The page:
SHAWNEE, Kan. – Indoor leisure spaces like arcades, theaters and bowling alleys can open their doors on Friday, as Kansas moves into Phase 2 of the state’s reopening plan.
At Park Lanes in Shawnee, the lanes are cleared, the pins are set, and the Johannes family is ready to get back to business. But, operations at the family fun center will look a little different when customers return.
“We’re prepared,” said the owner Bob Johannes
There are now sanitizer stations throughout the facility, sneeze guards at the front desk, new markings on the floor and walls – reminding people to practice social distancing – and the racks holding the house balls are completely out of reach.
“We moved it to where we can control it while we’re coming out of this pandemic,” Johannesn said.
Instead of sticking your fingers inside balls to find the best match, patrons will now use a measuring ball.
“So, all they have to do is put their hand in that measuring ball, see what size they got, then we can disinfect the measuring ball before the next person tries it out,” Johannes explained.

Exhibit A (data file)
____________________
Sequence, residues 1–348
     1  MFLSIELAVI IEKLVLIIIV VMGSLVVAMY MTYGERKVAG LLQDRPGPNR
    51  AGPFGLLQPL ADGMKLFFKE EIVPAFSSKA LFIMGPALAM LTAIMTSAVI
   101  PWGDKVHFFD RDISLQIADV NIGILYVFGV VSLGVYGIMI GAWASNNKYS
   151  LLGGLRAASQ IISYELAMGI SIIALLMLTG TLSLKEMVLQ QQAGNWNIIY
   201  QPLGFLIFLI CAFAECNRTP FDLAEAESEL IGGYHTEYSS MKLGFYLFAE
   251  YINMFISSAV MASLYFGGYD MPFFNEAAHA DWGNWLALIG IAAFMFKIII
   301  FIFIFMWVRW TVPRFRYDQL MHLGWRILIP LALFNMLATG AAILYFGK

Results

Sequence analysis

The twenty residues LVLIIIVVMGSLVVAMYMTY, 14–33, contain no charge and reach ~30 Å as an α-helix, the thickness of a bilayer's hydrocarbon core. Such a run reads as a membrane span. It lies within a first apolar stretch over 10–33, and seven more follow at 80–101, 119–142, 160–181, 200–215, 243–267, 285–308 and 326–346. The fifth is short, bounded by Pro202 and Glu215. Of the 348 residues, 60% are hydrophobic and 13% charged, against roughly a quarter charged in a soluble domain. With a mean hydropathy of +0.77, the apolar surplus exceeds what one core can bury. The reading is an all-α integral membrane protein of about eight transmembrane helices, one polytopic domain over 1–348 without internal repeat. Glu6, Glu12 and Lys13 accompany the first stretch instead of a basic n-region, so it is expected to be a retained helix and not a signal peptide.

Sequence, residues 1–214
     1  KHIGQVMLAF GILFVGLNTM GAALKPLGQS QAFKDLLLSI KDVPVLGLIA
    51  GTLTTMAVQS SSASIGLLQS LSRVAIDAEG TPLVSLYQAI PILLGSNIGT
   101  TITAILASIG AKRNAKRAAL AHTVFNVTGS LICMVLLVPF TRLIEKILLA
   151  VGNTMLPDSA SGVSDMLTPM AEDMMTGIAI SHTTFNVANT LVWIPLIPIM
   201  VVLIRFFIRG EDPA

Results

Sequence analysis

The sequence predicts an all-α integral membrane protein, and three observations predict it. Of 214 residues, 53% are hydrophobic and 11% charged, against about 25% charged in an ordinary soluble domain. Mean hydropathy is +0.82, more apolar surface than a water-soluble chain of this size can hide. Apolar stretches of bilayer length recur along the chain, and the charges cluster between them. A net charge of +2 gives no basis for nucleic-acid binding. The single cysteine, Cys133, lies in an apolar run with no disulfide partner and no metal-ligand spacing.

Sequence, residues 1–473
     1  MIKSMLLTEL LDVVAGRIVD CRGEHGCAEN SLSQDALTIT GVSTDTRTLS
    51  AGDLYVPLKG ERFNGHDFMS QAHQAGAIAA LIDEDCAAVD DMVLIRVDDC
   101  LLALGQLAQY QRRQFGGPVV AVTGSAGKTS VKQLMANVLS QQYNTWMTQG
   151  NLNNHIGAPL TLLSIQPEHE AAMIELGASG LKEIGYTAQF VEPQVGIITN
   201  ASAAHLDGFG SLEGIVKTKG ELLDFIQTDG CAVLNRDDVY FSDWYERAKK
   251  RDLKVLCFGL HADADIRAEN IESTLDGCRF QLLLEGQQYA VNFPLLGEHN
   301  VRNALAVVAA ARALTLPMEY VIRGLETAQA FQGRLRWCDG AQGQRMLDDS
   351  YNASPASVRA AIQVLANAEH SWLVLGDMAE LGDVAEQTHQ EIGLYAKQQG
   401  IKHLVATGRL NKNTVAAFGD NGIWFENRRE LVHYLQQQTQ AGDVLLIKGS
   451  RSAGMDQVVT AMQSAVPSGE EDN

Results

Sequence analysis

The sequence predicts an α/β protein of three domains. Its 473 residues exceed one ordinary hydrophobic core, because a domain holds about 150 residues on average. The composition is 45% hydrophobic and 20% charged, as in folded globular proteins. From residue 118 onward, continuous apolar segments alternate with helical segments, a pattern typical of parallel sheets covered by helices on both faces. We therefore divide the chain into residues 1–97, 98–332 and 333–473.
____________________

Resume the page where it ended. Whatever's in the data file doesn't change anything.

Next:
At Emerald City in Overland Park, the owner has invested in a portable fogger that staff use to disinfect the building daily.
“Anything we can do to ease their concerns, we’ve been trying to do,” said Sean McNown, the director of group activities.
The gymnastic and kids play space planning a soft-opening, limiting the number of people allowed in the facility, while also keeping some high-impact areas roped off.
“Anytime a coach is going to be out here with a kid, they’re either going to have a caddy or fanny pack with disinfect, cleaning supplies, masks, gloves, basically anything they would need,” McNown explained.
The reopening of indoor leisure facilities comes as the Center for Disease Control and Prevention announced on Thursday that the likelihood of contracting COVID-19 from touching surface is not as likely than person-to-person contact.
“It’s a relief because I know that was a big thing, but we’ve been spending a lot of time to disinfect all of these surfaces,” said McNown.
“I think everybody has mixed feelings on that,” added Jason Johannes, the general manager at Park Lanes. “I’m glad they feel like that doesn’t happen but we’re still going to take every precaution to make sure everything is sanitized.”
Like many businesses, those at Park Lanes and Emerald City are hoping customers are ready to get out of the house and start enjoying life again. At the same time, they realize they understand their top priority is that patrons feel safe doing so at their establishments.
“It’s been a trying time but it’s time to get back open,” the elder Johannes said.